Introduction to Contractual Liability in Quebec
Updated: Jul 3
The Civil Code of Quebec (the "C.C.Q.") recognizes two types of civil liability: contractual and extracontractual civil liability.
In this blog post, we will focus on contractual liability, examining its conditions, implications, and the types of liabilities it encompasses. By delving into Article 1458 C.C.Q., we aim to shed light on the essential aspects of contractual liability in Quebec.
What is Contractual Liability?
Contractual liability arises when a party to a contract fails to abide by a duty imposed by the agreement between the parties. Specifically, Article 1458 of the C.C.Q. states:
Every person has a duty to honour his contractual undertakings.
Where he fails in this duty, he is liable for any bodily, moral or material injury he causes to the other contracting party and is bound to make reparations for the injury; neither he nor the other party may in such a case avoid the rules governing contractual liability by opting for rules that would be more favourable to them.
The starting point for this is the existence of a validly formed contract between the parties.
What are the Conditions to Prove Contractual Liability?
To establish contractual liability, four conditions must be satisfied: the existence of a valid contract, a fault, causation, and damages. Let’s explore each in more detail.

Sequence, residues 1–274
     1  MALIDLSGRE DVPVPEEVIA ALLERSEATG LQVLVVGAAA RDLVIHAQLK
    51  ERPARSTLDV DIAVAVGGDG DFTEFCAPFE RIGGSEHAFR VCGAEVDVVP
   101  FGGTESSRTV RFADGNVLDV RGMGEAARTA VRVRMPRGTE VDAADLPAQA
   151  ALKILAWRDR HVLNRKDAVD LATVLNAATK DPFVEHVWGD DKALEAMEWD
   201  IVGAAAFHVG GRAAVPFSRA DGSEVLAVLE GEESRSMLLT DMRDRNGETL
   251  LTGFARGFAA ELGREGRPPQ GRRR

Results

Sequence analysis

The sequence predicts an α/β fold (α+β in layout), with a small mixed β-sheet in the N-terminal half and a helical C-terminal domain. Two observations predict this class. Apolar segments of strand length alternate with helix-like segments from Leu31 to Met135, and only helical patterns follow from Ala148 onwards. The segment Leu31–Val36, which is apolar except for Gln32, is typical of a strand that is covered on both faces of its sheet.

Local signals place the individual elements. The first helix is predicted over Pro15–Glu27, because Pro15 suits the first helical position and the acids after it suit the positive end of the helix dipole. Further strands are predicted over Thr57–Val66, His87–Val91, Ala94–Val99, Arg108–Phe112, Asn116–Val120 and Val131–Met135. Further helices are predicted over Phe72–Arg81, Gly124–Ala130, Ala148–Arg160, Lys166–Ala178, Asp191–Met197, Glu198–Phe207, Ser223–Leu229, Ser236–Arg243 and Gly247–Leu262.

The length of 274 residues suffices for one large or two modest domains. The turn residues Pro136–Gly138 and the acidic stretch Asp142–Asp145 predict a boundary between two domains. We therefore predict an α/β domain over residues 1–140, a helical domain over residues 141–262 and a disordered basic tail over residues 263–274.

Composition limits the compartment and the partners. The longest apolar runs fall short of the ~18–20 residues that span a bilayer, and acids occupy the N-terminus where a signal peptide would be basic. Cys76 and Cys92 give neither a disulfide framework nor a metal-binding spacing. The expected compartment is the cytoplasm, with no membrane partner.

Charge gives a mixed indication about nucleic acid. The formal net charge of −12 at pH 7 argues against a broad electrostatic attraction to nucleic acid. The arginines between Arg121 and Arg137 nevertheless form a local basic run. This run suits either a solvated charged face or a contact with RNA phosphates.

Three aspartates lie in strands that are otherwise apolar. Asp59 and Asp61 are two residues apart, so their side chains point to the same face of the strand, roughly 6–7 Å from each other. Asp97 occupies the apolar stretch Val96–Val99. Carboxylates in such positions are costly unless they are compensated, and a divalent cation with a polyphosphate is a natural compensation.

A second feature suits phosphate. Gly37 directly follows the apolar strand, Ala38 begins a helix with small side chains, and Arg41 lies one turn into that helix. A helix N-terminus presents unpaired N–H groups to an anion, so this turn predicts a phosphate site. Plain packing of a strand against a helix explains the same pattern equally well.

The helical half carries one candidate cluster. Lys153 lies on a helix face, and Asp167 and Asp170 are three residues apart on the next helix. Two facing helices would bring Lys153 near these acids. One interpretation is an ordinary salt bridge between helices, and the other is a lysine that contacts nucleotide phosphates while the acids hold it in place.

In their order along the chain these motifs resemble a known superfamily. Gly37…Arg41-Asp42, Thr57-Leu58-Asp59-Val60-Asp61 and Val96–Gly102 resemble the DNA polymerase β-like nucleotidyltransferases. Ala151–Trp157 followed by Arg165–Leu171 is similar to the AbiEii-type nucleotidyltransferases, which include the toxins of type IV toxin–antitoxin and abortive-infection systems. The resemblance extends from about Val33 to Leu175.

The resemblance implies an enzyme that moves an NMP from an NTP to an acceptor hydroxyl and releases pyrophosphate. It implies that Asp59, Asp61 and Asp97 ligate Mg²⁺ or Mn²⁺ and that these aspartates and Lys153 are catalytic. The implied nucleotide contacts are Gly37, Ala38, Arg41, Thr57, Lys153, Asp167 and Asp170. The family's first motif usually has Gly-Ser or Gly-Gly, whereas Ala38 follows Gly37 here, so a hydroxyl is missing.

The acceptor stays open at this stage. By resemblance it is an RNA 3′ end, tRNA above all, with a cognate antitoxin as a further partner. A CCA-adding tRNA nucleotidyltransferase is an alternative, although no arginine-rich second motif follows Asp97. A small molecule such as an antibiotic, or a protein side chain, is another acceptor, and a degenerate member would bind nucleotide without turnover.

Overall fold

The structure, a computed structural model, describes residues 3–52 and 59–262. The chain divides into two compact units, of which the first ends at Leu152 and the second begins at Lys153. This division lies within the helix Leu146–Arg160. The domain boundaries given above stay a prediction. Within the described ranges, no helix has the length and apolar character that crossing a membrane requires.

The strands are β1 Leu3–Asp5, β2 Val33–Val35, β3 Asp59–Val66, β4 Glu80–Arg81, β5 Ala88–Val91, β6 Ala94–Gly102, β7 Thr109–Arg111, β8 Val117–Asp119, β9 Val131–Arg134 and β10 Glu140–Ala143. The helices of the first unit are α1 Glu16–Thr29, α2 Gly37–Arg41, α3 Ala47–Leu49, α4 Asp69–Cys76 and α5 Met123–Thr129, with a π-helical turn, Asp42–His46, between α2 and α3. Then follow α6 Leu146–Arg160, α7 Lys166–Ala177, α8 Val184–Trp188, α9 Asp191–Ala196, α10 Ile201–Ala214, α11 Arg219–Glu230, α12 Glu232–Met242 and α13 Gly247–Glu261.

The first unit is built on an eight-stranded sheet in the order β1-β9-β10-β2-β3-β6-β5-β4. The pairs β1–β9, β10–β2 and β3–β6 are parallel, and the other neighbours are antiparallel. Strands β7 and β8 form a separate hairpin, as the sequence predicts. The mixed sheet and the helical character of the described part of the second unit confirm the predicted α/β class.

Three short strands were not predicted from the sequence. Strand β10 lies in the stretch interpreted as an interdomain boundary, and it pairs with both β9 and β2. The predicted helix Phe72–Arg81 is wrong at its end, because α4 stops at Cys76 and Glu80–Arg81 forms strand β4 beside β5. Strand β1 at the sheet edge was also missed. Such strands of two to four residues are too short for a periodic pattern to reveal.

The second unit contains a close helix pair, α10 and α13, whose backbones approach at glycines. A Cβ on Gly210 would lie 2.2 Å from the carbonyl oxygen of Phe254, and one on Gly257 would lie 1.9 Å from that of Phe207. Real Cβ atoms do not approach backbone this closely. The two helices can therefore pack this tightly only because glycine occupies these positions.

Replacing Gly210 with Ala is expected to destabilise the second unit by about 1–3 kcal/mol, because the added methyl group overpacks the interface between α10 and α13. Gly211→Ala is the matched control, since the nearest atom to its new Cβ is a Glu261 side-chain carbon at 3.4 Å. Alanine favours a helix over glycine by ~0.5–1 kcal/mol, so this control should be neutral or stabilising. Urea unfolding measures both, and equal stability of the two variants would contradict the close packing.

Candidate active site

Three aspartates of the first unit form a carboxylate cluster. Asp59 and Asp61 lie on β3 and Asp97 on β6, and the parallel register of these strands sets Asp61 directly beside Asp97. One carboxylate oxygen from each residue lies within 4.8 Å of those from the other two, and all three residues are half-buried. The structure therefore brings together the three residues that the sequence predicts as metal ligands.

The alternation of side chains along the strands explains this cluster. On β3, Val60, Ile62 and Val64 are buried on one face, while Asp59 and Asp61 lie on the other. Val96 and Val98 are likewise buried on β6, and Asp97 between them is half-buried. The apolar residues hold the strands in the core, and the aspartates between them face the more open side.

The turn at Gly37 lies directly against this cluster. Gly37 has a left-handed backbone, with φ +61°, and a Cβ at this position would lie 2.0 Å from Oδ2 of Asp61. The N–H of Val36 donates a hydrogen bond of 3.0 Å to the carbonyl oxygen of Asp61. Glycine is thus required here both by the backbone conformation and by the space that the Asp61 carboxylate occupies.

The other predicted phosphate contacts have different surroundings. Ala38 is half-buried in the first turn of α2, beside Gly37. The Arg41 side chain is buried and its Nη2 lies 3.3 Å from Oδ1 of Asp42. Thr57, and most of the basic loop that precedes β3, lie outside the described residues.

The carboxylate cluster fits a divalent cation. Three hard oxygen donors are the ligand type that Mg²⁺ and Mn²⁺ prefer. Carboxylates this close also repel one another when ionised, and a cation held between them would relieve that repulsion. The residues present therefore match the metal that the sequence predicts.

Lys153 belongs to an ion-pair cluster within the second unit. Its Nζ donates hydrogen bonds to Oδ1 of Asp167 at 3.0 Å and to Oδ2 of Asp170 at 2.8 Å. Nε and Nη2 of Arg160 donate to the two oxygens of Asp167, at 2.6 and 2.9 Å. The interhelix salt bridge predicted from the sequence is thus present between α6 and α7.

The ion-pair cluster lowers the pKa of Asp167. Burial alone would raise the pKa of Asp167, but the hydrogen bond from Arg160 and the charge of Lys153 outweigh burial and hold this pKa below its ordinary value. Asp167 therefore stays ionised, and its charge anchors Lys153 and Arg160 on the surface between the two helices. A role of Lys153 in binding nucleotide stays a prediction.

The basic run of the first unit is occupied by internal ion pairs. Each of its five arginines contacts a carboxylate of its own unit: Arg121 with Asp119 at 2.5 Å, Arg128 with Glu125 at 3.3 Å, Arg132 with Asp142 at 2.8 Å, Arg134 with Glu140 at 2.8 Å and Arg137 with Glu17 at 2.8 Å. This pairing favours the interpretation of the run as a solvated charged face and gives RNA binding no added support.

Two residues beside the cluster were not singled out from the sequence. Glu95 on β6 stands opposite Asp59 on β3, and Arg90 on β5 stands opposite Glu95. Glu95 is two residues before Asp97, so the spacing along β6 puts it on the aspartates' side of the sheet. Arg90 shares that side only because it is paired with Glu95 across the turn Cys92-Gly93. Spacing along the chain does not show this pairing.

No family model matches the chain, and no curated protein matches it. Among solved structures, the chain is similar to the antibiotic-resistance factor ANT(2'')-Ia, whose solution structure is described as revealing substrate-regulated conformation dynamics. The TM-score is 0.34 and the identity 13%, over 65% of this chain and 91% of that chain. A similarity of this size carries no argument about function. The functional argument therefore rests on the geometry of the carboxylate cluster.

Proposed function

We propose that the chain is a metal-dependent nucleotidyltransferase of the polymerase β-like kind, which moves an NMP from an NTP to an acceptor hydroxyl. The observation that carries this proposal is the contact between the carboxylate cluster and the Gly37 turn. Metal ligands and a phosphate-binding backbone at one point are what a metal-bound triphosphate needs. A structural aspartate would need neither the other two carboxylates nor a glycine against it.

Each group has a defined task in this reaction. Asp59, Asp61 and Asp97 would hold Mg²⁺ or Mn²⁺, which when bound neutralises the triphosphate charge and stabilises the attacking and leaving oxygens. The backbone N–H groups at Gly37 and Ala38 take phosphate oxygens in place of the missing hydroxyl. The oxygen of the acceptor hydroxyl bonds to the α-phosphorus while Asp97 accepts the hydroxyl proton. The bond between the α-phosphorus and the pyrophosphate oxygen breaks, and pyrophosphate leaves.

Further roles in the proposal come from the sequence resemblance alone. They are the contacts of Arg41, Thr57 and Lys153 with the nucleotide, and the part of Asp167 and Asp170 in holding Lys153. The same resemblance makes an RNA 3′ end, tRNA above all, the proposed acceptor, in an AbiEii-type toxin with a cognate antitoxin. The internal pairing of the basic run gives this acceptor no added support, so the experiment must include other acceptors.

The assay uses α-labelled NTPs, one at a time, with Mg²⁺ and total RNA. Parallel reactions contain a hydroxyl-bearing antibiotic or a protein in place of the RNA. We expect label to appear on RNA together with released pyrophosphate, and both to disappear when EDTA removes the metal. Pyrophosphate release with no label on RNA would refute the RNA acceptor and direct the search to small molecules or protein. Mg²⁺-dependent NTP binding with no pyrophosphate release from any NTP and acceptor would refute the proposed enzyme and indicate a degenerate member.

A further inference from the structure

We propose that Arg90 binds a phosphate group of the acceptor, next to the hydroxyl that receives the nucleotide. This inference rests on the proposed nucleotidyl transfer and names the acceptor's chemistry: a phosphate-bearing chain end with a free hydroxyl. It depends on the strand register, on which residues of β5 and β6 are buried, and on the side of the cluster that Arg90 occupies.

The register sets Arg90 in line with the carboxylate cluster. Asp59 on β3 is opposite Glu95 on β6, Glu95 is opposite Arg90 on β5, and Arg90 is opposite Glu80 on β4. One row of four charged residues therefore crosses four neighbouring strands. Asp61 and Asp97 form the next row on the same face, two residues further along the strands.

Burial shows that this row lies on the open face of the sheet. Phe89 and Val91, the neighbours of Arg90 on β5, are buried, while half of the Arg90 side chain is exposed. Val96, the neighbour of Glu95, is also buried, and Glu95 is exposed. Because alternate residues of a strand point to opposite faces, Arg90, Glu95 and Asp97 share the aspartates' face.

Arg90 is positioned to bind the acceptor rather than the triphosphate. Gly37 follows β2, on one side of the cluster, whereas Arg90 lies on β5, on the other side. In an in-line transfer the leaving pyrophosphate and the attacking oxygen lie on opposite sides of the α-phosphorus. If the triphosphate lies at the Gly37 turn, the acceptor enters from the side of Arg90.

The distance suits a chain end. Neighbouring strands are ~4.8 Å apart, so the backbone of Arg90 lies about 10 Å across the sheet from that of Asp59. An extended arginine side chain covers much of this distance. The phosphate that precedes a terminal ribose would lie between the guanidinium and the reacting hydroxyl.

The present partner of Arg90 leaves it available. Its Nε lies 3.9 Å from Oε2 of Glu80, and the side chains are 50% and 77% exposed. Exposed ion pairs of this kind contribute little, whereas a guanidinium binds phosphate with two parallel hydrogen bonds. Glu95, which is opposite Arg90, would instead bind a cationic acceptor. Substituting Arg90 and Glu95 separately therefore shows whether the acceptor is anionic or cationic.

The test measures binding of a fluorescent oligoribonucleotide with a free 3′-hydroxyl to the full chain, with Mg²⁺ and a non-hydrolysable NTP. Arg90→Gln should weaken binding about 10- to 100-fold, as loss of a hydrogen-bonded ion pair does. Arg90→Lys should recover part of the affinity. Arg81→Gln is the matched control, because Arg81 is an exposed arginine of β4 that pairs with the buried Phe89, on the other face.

To prove contractual liability, a valid contract must exist; the parties must be bound by the contract; and there must be a non-performance of a contractual obligation.
In Quebec, a contract validly formed binds the parties who have entered into it not only as to what they have expressed in it but also as to what is incident to it according to its nature and in conformity with usage, equity, or law (art 1434 CCQ).
Fault in this case refers to the non-respect or breach of a contractual obligation. To illustrate this, let’s consider an example involving an IT consulting firm called “Tech Solutions” and a manufacturing company called “Quality Products Inc.”
Tech Solutions enters into a valid contract with a manufacturing company, “Quality Products Inc”, to develop and implement a customized inventory management software system. The contract specifies that Tech Solutions will deliver the fully functional software within four months.
However, due to poor project planning and mismanagement, Tech Solutions fails to complete the software development on time. They deliver an incomplete and buggy system after seven months, causing Quality Products Inc. to experience significant disruptions in their inventory management processes. As a result, Quality Products Inc. faces delays in fulfilling customer orders, increased inventory holding costs, and a loss of potential sales.
In this case, Tech Solutions breached its contractual obligation to deliver a fully functional software system within the allotted time. This breach of contractual obligation represents a fault in this case.
The second condition to prove contractual liability is causation. It implies that the breach of the contractual obligation must directly result in damages suffered by the other party. In our example, Quality Products Inc. incurs financial losses due to disruptions in fulfilling customer orders, increased inventory holding costs, and a loss of potential sales. To establish causation, Quality Products Inc. must demonstrate that these consequences were a direct result of Tech Solutions’ breach of an obligation to provide a fully functional software system.